Description I. Research Project Title: Adolescent decision making and HIV risk avoidance: Neurocognitive factors (Referred to as: "Project DASH") II. Investigator name, degree, title and department: PI: Sarah Feldstein Ewing, PhD (primary), Assistant Professor University Honors/ CASAA/ MRN, the Mind Research Network; Angela Bryan, PhD, (secondary), Research Professor, MRN/Psychology/CASAA III. Hypothesis/Study Goals (questions hoped to be answered by study) Young people under the age of 25 are at great risk for sexually transmitted diseases (STDs) including the human immunodeficiency virus (HIV; Centers for Disease Control and Prevention (CDC, 2002). Indeed 50% of all new HIV infections worldwide occur among young people between the ages of 15 and 24 (Wilson et al., 2010). Young people involved with the juvenile justice system (Teplin, Mericle, McClelland & Abram, 2003) are at particularly high risk for negative outcomes including HIV as a result of risky sexual behavior. In comparison to the general adolescent population, adolescents involved with the justice system are younger at first intercourse, have higher rates of anal intercourse, a greater number of sex partners, and lower rates of condom use (Barthlow, Horan, DiClemente, & Lanier; 1995; DiClemente, 1991; 1992; Lux & Petosa, 1994, 1995; Montanaro et al., 2010). Extensive research indicates that development of regions of the brain important in decision-making regarding risky situations (e.g., OFC, Ursu & Carter, 2005; ventral striatum, Van Leijenjorst et al., 2010; IFG, Luna et al., 2010, Aron et al., 2003; Chamberlain & Sahakian, 2007; VM-PFC, Bechara, 2004; ACC, Rueda, Posner, & Rothbart, 2005) is still occurring during adolescence (e.g., RFA-NR-11-007; Van Leijenjorst et al., 2010; Galvan et al., 2006; Casey et al., 2005; 2000). Our own work has demonstrated that neurocognitive networks including these important brain regions are associated both with sexual risk and response to an HIV/STD risk reduction intervention. Additionally, it is clear that while current interventions to reduce risky sexual decision-making and behavior work well, they are not equally effective for everyone. Many existing interventions, including our own (Bryan et al., 2009), rely on high level cognition. The effectiveness of these interventions is thus likely to be moderated by developmental and individual differences in neurocognition that underlie decision-making under conditions of arousal and risk. It stands to reason, then, that a more basic, reward-based intervention that does not rely so heavily on what are likely underdeveloped systems of cognitive control (e.g., impulsivity) might be more successful for those adolescents with less developed neurocognitive control networks. While the neuronal mechanisms that underlie risky decision-making have been studied in the laboratory, few have translated these basic findings in an integrative program of research that links these mechanisms with intervention outcomes. Consistent with the NINR RFA "Interdisciplinary Approaches for HIV/AIDS Risk-Avoidance Decision Making in Developing Adolescence", this application seeks to test two different types of interventions as "a better understanding of the role of psychosocial predictors and neurological biomarkers of adolescent risk taking…can lead to alternative developmentally and culturally appropriate interventions…." In following, we will employ a randomized controlled trial to contrast an intervention that relies on well-developed cognitive control systems (Motivational Interviewing; MI) to an intervention that relies on a more basic response to scheduled reward (Behavioral Skills Training; BST). The most innovative aspects of the proposed research are the integrative model linking neurocognitive, psychological, and developmental constructs involved in risk behavior, the use of fMRI to assess neurocognitive moderators of intervention effects, and the potential for translation of these findings to practice via their linkage to easily-administered, computerized cognitive tasks. To accomplish this, we propose these specific aims: 1. The first aim is to demonstrate associations between the function of reward and control networks in the brain and risky sexual behavior. • Hypothesis 1. Consistent the extant literature (e.g., Van Leijenhorst et al., 2010; Bjork et al., 2004), we expect that decreased activation in the control networks and increased activation in the reward networks of the brain will be associated with higher levels of risky sexual behavior. 2. The second aim is to understand whether variability in neurocognitive activation associated with the control and reward systems predicts the effectiveness of the two commonly used interventions: an individually-based MI intervention and an individually-based BST intervention to reduce risky sexual behavior among justice-involved adolescents at high risk for HIV/STDs. - Hypothesis 2. Adolescents with increased activation in the control networks in the brain during a task associated with response inhibition (Go/NoGo) will respond better to the MI intervention than adolescents with decreased activation in these areas. - Hypothesis 3. Adolescents with increased activation in the reward networks in the brain during a task associated with reward salience (Monetary Incentive Delay; MID) will respond better to the BST intervention than adolescents with decreased activation in these areas. 3. The third aim is to examine the correlation between neurocognitive responses to the fMRI-based response inhibition and reward based tasks to a parallel set of cognitive tasks that are easily administered outside of the scanner (e.g., Conners' Continuous Processing Task; Monetary Incentive Delay) to assess the potential for the translation of neurocognitive findings into real-world application. 4. To determine whether a specific genetic factor, previously related to psychosocial treatment response, is associated with differential brain activation and intervention response. - Hypothesis 4: Individuals with the DRD4 S genotype will evidence greater activation in key brain regions in response to MI (e.g., IFG, insula), as compared to those who receive BST.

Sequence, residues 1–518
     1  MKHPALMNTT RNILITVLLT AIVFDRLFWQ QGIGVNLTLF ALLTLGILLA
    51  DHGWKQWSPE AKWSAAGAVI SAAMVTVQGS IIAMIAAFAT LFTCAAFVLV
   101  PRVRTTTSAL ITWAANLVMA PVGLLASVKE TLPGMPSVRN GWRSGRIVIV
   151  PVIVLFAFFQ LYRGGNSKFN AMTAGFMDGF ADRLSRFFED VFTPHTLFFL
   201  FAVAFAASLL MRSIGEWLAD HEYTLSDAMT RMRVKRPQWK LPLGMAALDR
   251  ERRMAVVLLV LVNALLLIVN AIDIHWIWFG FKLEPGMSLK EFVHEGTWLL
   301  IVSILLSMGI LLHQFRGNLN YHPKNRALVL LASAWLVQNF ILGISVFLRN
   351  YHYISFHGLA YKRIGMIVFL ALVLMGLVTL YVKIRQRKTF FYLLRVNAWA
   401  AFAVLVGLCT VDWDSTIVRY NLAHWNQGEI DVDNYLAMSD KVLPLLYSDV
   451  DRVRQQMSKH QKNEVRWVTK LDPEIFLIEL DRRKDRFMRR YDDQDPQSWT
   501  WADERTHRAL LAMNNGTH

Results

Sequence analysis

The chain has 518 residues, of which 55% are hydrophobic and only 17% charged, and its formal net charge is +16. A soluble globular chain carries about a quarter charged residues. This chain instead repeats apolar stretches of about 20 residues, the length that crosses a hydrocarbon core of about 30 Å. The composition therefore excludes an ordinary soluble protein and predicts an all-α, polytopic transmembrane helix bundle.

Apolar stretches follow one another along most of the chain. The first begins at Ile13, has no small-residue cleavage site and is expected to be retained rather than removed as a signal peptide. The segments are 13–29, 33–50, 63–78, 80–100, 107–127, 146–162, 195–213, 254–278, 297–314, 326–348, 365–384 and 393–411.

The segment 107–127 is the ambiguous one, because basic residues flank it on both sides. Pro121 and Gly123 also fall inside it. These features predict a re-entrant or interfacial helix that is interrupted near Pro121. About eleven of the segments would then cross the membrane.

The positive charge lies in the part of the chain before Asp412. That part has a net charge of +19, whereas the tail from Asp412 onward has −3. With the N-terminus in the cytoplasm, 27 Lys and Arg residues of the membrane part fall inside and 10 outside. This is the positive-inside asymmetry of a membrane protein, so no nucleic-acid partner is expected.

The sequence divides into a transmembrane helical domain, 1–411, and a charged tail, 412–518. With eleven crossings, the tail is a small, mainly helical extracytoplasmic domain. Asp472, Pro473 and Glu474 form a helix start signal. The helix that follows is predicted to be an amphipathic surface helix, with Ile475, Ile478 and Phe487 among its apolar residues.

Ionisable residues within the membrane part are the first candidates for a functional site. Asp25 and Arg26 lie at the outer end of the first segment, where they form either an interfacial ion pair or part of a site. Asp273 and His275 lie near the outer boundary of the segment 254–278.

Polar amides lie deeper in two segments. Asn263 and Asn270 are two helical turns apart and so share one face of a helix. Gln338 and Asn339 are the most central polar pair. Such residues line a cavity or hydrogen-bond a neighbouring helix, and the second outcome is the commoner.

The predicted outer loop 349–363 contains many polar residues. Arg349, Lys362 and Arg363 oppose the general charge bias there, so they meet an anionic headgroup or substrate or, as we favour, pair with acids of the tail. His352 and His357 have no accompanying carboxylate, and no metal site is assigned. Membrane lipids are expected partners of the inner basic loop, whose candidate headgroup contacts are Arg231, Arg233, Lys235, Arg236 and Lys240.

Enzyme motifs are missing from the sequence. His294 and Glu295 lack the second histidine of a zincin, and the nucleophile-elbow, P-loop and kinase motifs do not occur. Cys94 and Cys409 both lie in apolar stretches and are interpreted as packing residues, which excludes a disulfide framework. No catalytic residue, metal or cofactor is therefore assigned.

Trial information was received from ClinicalTrials.gov and was last updated in December 2015.
Information provided to ClinicalTrials.gov by University of New Mexico.